DC Comics brings back Milestone Media. This is a big deal for anyone that was young in the 90’s. Static (or Static Shock) is a character that was representative during that time; and is relevant in representation in comic books today. Milestone was founded by Dwayne McDuffie, Denys Cowan, Michael Davis, and Derek T. Dingle. These creators put characters that were not represented as leads in the comic catalogue from Milestone. To refresh or catch those up to speed, Virgil Hawkins is a teenager that is violently gassed and given superpowers that control, create, and manipulate electricity. Static’s rogue list consists of others that were exposed to the same gas that gave Virgil the powers to be Static. This incident is known as “The Big Bang.” It is suggested to read Milestone Returns: Infinite Edition #0 as that issue contains the actual Big Bang event and the initial confrontation between Static Shock and Hotstreak. This first issue does a fine job for readers that did not read the Milestone Returns issue.
The reboot series that DC Comics and Milestone released recently works as being addressed as season 1. If new readers to this series are familiar with the character, it would no doubtingly be due to the popular animated series (it is on HBO Max now). The comic starts in the same fashion as its predecessors in that Virgil is met with confrontation from his long-time bully Francis who is exposed to The Big Bang and becomes Hotstreak. Before The Big Bang, Virgil was a genius, science student that was focused on asking out his crush. Virgil has a very Peter Parker/Spider-Man vibe.
This connection is still connected with this reboot. Season 1, issue 1 utilizes a small fraction of pages for flashbacks. The story pacing by Vita Ayala is consistent and keeps the reader pacing between panels. Chriscross works with the pacing of the story with layouts that parallel the emotions that are contained in each panel. The new designs for the characters feel updated for a large range of fans and their respective ages. The finishes and colors provided by Nikolas Draper-Ivey make each panel feel fluid as if the all three provided a constant motion. The lettering by Andworld Design also fits each panel by matching the emotions of the panels. There are mentionable variants to this first issue, but shout out to Khary Randolph and Emilio Lopez for having McDuffie, Cowan, Davis, and Dingle on the theater marquee in the background of their cover.
This comic is easily accessible for new readers and fans of any iteration of the character from the past. The original spirit of Virgil is in this new issue. It really pays close attention to detail to nail the original plot, whilst providing a fresher and updated version of Static. This issue a great start to the series and the reintroduction of Milestone. Also worth mentioning is the reprint memoriam for artist John Paul Leon and words by Denys Cowan and an editorial by Chris Conroy. From Milestone, Hardware Season One, and Icon and Rocket Season One are next. If those comics in the same wheelhouse as Static: Season One, it is easy to say: these series are paying respect to the source material.4.75/5 Whiskeys.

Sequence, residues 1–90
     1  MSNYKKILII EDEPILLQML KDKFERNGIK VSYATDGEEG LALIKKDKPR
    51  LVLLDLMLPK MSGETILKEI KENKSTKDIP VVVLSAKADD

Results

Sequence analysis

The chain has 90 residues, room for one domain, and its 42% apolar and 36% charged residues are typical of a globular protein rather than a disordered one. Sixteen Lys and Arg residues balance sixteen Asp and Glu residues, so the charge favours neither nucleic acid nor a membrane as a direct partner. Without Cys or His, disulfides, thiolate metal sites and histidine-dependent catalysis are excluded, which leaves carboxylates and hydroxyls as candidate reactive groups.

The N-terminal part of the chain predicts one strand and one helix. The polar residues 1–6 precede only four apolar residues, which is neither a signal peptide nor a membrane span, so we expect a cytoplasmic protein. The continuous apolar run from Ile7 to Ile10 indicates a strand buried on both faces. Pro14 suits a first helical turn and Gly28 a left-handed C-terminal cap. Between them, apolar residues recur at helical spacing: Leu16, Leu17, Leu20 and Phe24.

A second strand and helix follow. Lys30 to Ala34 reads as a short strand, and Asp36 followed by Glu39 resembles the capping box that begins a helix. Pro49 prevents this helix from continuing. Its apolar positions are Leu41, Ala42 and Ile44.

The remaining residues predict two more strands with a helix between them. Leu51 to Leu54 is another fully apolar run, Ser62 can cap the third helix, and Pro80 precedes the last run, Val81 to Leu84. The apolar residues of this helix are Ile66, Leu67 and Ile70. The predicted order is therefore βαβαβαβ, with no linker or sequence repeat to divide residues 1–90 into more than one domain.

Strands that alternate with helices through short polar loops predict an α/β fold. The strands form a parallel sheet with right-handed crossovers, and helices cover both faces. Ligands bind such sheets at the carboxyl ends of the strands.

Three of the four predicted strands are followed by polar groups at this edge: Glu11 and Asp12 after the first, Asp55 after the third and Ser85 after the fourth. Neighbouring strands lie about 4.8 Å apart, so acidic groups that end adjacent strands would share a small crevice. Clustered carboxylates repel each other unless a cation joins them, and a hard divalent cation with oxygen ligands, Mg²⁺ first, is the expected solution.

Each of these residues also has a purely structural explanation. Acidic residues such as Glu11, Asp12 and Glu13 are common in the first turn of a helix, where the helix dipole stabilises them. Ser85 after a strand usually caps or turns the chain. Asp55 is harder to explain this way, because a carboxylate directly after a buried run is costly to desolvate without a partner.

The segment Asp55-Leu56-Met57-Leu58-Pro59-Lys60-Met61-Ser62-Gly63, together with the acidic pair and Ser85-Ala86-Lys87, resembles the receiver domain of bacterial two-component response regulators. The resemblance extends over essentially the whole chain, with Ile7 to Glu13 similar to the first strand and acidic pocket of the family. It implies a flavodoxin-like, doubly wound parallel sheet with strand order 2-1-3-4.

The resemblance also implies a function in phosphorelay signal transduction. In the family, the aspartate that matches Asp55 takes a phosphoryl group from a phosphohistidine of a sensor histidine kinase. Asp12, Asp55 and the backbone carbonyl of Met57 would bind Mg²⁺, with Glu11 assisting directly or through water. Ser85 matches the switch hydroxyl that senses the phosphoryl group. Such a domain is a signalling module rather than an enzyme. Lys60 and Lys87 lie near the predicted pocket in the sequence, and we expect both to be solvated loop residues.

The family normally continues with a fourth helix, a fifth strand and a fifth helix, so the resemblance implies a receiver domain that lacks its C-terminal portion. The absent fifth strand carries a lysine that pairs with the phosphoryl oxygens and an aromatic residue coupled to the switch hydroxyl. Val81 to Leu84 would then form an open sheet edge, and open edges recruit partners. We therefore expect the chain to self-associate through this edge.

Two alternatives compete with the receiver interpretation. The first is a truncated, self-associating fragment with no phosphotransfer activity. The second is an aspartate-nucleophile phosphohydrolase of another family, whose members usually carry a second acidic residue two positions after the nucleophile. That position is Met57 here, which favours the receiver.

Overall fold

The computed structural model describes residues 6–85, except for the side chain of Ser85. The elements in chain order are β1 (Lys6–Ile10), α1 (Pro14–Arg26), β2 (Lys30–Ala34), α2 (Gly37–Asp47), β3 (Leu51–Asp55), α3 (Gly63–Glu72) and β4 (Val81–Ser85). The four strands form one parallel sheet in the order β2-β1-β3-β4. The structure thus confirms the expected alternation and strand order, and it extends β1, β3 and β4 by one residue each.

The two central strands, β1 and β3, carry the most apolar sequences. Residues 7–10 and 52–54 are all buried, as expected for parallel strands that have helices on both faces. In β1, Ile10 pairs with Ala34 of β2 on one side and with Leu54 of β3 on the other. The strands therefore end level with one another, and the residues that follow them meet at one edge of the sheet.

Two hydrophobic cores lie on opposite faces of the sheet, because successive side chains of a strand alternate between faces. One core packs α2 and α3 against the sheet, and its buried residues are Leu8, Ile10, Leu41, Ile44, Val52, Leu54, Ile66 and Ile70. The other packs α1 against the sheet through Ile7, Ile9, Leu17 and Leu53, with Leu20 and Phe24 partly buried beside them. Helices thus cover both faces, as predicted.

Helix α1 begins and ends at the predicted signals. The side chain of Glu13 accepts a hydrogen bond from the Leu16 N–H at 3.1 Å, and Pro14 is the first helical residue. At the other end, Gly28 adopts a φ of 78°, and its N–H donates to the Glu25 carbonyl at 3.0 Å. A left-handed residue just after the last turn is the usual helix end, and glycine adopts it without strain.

Perhaps as a lead-in to the upcoming Disney+ show starring Oscar Isaac as the titular Fist of Khonshu, Marvel Comics has relaunched the monthly series of Moon Knight, this time written by Jed Mackay, with art by Alessandro Cappuccio. Following last year’s ordeal during which the Egyptian moon god Khonshu, through Marc Spector, attempted to take over the world, and absorbed the powers and abilities of a number of Earth’s Mightiest Heroes, Spector has opened up the Midnight Mission, through which citizens can petition the Moon Knight for protection. Taking his nightly fights to a more community-based setting is an interesting approach to one of Marvel’s most unstable and unpredictable heroes, and watching his process in determining which nightly ordeals deserve his attention is a nice change of pace as well. Here, Spector (who spends the entire issue as the persona Mr. Knight) is presented as a man trying to control his worst instincts and aspects of his personalities, and trying to adjust to a more community-based work.
That doesn’t mean that there’s no action in this issue, which — thankfully — allows Moon Knight to fight vampires, werewolves, and the Spider-Man villain Vermin. Returning to his more horror-centric origins, Moon Knight has no qualms in killing the undead, threatening obscene violence, and acknowledging his own insecurities and mental problems, and the issue ends with the introduction of Moon Knight’s polar opposite, the Hunter’s Moon. The art is ragged, reflecting Spector’s fragmented, jagged mind, and is very kinetic and energetic, and fits in very well with previous styles in prior volumes of this character. This is a very roundabout way of saying, this is a good fit for a good character.
While this might not have the sort of weight of Jeff Lemire‘s run from a few years ago (and really, what will?), this seems a more mainstream return to the Fist of Khonshu to the Marvel Universe, and a decent introduction to audiences prior to his addition to the larger pantheon of the MCU. The character has such potential that it is almost a shame that he is back to being relegated to Marvel’s C-list. Hopefully this series lives up to its potential. 4/5 Whiskeys.